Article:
This weekend, the Canadian Football League is playing a regular season game in Nova Scotia for the first time in its history.
The matchup between the Saskatchewan Roughriders and the host Toronto Argonauts takes place Saturday at 3 p.m. local time at Raymond Field at Acadia University in Wolfville.
Tanya Colburne, director of Destination Acadia, says it will be unlike anything Wolfville has seen before.
“It was really about CFL, ourselves and the city coming together to formalize anything, a traffic and parking plan, and making sure we added benefits and services in and around the community, to make sure the experience is the best it can be for everyone involved,” Colburne said.
“Every little detail you can imagine is in the works as we speak.”
Acadia University had to make some changes to accommodate the number of people watching the game, adding about 8,500 temporary seats at Raymond Field to accommodate about 10,000 fans.
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CFL Chief Operating Officer Duane Vienneau said getting people in and out of Wolfville is a big priority for Touchdown Atlantic.
“Gashing people into a stadium is one thing, getting 10,000 people in and out of Wolfville is another,” Vienneau said.
“We want to make sure we have a good transportation plan, and we want to make sure those we have are coming and going to have a good time.”
A long awaited game
Touchdown Atlantic, a series of Canadian Football League games played in the Maritimes, began in 2005. The games were originally exhibition games, meaning they were not counted in the season regular. This eventually changed to include regular season games.
The first Touchdown Atlantic game took place in June 2005 in Halifax. Another game was scheduled for 2006, but was canceled after the Ottawa Renegades were suspended.
Halifax has not had the opportunity to host Touchdown Atlantic games since then.
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In January 2020, it was announced that Halifax would be able to host its first CFL regular season game for Touchdown Atlantic, but due to the COVID-19 pandemic it was postponed.
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Vienneau says the timing of ticket sales couldn’t have been worse.
“We put the game on sale on March 10, we sold them out in about a day, and the next day, March 11, the NBA walked off the field with COVID,” Vienneau said.
“This year, when we felt the COVID restrictions were about to be lifted, we jumped on it and restarted our planning.”
In 2022, Nova Scotia was lucky enough to once again host Touchdown Atlantic, but due to construction around the Saint Mary field, organizers had to choose another location.
“We were supposed to play at Saint Mary’s in 2020, but during that two-year window when COVID was more prevalent, they decided to go into construction, so the stadium construction that we were supposed to do was not available,” Vienneau said.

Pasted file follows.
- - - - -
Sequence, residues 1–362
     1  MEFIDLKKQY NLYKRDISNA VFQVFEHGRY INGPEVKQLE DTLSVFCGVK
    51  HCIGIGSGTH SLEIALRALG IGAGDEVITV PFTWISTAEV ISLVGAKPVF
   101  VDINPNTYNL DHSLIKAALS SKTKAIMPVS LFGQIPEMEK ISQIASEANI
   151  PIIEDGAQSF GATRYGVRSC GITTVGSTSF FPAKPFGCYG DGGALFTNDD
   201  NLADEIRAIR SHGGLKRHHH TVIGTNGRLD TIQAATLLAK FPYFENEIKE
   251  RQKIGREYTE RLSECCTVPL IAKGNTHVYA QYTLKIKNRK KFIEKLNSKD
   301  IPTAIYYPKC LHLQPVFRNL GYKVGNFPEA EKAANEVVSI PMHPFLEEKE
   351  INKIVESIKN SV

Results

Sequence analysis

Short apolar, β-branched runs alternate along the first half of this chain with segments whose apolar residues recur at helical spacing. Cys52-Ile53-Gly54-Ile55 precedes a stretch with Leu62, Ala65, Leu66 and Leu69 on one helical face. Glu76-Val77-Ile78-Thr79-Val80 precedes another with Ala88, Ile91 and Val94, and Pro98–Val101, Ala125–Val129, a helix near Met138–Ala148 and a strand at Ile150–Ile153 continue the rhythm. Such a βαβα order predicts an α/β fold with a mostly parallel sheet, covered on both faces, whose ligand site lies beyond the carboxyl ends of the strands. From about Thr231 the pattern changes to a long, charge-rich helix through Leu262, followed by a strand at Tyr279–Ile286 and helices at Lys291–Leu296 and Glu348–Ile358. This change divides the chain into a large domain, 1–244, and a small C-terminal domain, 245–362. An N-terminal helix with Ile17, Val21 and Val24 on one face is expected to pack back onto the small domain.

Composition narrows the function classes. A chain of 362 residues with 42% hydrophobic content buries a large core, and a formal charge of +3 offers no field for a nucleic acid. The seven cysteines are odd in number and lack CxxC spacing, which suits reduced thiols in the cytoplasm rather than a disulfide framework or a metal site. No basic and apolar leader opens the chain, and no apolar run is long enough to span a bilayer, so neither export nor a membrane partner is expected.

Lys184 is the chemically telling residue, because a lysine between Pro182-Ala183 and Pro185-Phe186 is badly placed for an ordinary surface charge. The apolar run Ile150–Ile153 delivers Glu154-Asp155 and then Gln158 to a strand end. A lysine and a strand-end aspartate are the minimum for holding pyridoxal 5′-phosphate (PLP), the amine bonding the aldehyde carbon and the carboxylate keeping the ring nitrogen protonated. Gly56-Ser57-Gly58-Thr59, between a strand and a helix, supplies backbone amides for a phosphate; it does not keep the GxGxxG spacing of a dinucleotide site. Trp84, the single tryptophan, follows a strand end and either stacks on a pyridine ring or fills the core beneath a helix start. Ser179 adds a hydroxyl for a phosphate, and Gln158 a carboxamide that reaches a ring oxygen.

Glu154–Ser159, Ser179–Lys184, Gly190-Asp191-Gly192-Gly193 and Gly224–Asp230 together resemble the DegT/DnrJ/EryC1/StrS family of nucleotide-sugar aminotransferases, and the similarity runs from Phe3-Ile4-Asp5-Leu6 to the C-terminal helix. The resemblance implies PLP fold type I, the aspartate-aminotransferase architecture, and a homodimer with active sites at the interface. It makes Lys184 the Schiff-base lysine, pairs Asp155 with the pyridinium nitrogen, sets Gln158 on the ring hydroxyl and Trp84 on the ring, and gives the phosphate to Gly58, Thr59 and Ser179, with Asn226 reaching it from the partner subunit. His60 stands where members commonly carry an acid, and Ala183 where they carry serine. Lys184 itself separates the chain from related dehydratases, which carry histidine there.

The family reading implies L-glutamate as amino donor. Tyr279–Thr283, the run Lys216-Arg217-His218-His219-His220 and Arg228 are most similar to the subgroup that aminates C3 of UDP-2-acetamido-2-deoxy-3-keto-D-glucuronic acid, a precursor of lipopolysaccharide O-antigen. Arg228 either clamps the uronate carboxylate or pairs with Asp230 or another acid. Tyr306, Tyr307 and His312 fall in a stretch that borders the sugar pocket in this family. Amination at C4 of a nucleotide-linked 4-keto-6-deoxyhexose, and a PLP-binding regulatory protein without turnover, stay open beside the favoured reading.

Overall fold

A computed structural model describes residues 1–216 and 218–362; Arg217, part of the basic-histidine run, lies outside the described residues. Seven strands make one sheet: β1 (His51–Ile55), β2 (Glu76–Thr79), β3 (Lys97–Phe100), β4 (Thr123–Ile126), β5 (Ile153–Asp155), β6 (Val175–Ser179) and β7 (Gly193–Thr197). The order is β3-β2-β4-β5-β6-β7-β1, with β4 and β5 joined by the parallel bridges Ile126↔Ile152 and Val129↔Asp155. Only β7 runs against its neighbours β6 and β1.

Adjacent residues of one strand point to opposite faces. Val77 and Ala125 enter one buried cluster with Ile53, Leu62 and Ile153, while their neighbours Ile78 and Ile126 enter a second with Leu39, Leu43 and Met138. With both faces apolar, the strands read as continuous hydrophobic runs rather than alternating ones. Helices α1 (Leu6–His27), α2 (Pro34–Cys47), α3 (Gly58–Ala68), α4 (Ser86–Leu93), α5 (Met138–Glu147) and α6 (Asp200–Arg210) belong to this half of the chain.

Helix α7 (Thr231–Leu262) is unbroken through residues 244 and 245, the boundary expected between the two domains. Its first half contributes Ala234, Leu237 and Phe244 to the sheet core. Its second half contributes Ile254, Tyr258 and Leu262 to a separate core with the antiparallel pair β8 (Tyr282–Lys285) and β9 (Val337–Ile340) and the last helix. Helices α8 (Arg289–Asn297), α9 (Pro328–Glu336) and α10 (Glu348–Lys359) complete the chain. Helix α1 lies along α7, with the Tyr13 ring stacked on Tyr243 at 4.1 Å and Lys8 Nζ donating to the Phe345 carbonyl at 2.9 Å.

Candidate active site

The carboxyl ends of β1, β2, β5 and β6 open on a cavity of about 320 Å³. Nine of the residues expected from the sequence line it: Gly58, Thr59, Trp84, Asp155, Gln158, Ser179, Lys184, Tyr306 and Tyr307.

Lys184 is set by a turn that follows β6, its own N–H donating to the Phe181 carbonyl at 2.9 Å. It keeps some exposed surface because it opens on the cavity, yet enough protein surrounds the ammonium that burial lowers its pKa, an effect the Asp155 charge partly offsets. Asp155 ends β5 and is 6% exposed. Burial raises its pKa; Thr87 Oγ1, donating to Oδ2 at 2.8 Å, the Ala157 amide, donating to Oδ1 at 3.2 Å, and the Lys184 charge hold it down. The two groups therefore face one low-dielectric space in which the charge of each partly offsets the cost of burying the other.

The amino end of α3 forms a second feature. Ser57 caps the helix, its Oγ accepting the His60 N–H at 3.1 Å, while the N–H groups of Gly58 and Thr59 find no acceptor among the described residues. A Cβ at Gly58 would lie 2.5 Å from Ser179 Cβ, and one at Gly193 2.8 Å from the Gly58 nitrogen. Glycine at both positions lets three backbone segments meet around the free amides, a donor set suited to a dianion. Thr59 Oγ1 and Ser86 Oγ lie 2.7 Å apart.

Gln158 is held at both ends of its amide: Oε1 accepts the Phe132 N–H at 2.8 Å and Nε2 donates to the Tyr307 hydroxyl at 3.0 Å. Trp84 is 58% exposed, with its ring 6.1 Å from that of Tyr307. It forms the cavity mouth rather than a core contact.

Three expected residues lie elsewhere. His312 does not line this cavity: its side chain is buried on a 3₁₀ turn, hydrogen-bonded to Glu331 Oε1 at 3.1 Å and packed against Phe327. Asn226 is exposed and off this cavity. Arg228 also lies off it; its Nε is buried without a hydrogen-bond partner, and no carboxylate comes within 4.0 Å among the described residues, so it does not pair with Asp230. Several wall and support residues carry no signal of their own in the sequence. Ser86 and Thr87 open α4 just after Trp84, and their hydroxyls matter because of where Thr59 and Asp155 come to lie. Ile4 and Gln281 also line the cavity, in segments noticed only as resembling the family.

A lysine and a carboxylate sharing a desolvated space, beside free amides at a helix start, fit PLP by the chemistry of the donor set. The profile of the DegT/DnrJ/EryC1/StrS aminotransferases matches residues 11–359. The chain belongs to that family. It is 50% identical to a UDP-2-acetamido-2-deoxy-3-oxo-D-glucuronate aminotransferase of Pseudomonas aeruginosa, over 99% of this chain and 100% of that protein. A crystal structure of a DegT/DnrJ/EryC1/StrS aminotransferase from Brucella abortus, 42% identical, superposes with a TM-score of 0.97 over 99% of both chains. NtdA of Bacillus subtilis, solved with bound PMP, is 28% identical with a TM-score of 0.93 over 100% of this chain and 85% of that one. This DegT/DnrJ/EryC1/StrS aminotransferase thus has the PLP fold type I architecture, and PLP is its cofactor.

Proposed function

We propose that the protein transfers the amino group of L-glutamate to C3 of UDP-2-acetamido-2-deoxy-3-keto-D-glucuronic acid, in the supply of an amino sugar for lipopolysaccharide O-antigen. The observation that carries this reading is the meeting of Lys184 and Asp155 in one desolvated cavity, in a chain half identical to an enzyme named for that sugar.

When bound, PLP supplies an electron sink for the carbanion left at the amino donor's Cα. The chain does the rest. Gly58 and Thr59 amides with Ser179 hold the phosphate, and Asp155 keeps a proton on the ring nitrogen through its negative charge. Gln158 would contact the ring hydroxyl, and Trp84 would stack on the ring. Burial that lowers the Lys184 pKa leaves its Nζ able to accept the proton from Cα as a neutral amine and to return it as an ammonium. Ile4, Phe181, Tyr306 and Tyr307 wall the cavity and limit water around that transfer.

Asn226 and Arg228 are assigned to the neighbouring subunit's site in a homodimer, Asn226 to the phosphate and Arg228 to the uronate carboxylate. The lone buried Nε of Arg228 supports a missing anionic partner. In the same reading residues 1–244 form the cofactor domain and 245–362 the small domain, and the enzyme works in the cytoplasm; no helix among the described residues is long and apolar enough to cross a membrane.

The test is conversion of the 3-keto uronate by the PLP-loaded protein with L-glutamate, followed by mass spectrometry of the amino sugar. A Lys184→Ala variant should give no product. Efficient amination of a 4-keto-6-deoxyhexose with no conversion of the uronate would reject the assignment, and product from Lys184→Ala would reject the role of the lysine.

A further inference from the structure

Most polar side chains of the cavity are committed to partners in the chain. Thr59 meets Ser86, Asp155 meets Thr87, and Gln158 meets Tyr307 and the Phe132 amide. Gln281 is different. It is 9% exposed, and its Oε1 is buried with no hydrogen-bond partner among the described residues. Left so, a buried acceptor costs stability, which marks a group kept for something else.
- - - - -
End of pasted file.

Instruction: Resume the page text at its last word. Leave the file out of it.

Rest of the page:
It was then decided that Acadia University’s Raymond Field would host this year’s Touchdown Atlantic.
“When the suggestion came that Acadie would also be a great place to host, the university jumped on it,” Colbourne said.
“We are very grateful and delighted that the timing worked out and we were able to play host for this one.”
Economic impact for Wolfville
Colburne said Wolfville residents should expect a lot of people next week.
“As you can imagine, with this number of people coming into town, hotels, as well as bed and breakfasts, are completely sold out, not just here but in other communities,” Colburne said.
“Businesses should see an influx. Even with the construction of the stadium, businesses saw a significant increase in business. »
Between Thursday and Saturday, Touchdown Atlantic will host several pre-game events.
Family-friendly activities will be offered at Parade Square in downtown Halifax, including face painting, balloon animals and special appearances by Argos and Riders players.
There will also be opportunities to learn to play football at the Garrison Grounds in Halifax on Thursday.
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On weekends, the Riders, Argos, and Atlantic Schooners join forces to throw the “East Coast’s Biggest Block Party.”
According to organizers, the Gray Cup 109 party headquarters will feature live music, DJs, autograph opportunities and food trucks. It will be free for anyone 19 and older, and is expected to kick off the 109th Gray Cup celebrations taking place in Regina this fall.
“We’re trying to create a bit of that festival environment that you see with the Gray Cup,” Vienneau said. “We sometimes call Touchdown Atlantic a mini Gray Cup, so he tries to give a little more of that Gray Cup feeling that you would get at those games.
Saturday is game day and will see a variety of events in the Wolfville area.
The day will begin at 11 a.m. with a tailgate party at the President’s Field, adjacent to Raymond Field in Acadia.
A game ticket is required to attend this event, but for those who were unable to secure a ticket, a Touchdown Atlantic watch party will be available for free, for fans of all ages.
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